Here are a few example outcomes I've created in workshops:
- List of changes
- List of users
- List of user attributes
- List of systems and interactions
- Sketch of user journey
- List of tasks
- Sketch of user task flow
- List of screens
- Sketches of screens
- List of project goals, barriers, or drivers
- Description of project success
- List of success measurements
For a workshop I am running soon, one of the outcomes is to understand the intricacies of the client's product and service delivery model. That's what I want to walk out with: a flow or notes or both that describe what customers are served direct, via resellers, or via distributors.
Identifying the physical artifact you will create is critical to understanding the participants and activities you will need to run a successful workshop.
Now that you've identified the physical artifacts you want to create during the workshop, figure out who you needs to help create them. After all, workshops are about collaborative with people.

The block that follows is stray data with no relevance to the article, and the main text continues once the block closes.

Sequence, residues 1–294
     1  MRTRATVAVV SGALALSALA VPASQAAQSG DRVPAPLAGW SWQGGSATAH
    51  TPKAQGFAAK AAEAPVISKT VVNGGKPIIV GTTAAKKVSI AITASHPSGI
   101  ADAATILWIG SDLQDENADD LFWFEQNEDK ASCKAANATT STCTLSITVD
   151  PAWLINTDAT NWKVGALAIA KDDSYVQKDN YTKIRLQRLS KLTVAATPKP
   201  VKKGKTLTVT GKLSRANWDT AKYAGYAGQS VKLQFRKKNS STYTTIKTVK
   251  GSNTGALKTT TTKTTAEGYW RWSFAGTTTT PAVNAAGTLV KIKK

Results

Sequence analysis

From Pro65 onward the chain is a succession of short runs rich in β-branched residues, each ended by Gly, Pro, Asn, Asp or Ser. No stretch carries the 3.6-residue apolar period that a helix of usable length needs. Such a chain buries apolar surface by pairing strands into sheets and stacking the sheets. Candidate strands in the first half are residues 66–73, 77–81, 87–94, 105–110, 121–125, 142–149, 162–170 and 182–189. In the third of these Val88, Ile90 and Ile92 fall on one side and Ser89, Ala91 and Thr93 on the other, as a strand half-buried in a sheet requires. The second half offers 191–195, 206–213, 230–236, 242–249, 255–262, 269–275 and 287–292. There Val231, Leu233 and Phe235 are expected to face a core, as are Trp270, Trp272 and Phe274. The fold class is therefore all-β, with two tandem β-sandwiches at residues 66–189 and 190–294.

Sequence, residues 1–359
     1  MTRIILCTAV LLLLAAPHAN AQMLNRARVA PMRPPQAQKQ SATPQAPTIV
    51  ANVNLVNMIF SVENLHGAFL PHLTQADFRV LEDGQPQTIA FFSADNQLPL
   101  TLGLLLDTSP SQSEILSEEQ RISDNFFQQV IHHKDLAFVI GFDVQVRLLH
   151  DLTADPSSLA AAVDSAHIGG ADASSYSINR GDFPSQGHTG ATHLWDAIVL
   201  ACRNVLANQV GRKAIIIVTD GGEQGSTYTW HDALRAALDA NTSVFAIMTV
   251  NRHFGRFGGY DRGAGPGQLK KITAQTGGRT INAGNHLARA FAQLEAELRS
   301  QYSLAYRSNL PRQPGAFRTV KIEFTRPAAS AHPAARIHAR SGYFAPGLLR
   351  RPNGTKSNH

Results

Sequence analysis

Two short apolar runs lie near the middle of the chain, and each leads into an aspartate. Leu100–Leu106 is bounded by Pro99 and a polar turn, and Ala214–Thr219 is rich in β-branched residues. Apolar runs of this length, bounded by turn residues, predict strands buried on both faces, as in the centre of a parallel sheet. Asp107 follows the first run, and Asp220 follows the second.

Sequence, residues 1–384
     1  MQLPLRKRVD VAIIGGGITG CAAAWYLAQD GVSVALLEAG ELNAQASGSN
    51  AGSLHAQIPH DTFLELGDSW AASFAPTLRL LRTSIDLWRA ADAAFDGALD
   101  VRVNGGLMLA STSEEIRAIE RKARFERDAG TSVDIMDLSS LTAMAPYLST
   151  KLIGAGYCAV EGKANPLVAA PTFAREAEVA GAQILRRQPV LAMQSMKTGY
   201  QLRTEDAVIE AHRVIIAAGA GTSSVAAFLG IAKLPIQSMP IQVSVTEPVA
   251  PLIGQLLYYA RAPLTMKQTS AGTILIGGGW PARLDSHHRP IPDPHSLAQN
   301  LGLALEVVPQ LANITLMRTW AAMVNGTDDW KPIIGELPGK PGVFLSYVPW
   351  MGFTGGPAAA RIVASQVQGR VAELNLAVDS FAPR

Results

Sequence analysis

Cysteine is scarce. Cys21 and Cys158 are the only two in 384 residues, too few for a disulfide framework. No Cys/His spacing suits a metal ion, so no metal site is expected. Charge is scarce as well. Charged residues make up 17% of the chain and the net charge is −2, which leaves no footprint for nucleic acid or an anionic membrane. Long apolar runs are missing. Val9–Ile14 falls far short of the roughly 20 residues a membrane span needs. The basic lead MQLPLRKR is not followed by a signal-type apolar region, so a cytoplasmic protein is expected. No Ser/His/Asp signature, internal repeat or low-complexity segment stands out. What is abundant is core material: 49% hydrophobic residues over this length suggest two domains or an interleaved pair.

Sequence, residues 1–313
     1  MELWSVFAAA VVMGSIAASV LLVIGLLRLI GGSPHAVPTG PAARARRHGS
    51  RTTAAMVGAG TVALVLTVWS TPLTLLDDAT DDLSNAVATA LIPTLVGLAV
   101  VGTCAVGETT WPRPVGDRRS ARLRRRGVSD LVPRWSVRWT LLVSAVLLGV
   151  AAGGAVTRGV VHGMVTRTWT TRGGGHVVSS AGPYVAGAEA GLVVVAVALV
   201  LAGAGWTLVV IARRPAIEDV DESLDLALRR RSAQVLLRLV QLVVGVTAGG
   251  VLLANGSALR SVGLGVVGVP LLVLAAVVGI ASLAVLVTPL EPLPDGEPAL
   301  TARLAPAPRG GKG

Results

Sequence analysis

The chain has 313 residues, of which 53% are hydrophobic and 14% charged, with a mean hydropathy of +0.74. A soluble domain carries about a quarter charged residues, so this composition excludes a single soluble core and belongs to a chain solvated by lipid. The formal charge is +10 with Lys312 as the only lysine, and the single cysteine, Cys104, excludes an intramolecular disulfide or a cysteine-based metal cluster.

In our workshops, we usually insist on having representatives that can answer four types of questions:
- What are the business needs and constraints? This is usually a representative from a specific line of business.
- What are the end-user's needs and context? This is often someone from the line of business, as well.
- What are the technical and data constraints? This is usually someone from IT.
- What are the project and organizational constraints? This is usually the primary stakeholder or champion.
While it's possible that one or even two participants can answer the above three questions, it's also pretty common to have additional participants who represent complementary lines of business or departments. And sometimes its worth asking customer service or sales or even realy customers to attend, as well.
For a national transportation company, we ran a workshop last Fall to identify the strategy and vision for a customer portal. Participants included representatives from customer service, IT, and billing as these were the departments most likely to be most affected. However, participants from marketing, retail, roadside services, and maintenance also attended and provided important insight into the portal's vision.
Invite as many participants as you need to achieve the outcomes you want to create. However, you should try to limit attendance to ensure you can elicit the appropriate contributions from all participants. At around eight participants, you will start to lose your ability to guide the conversation to include everyone.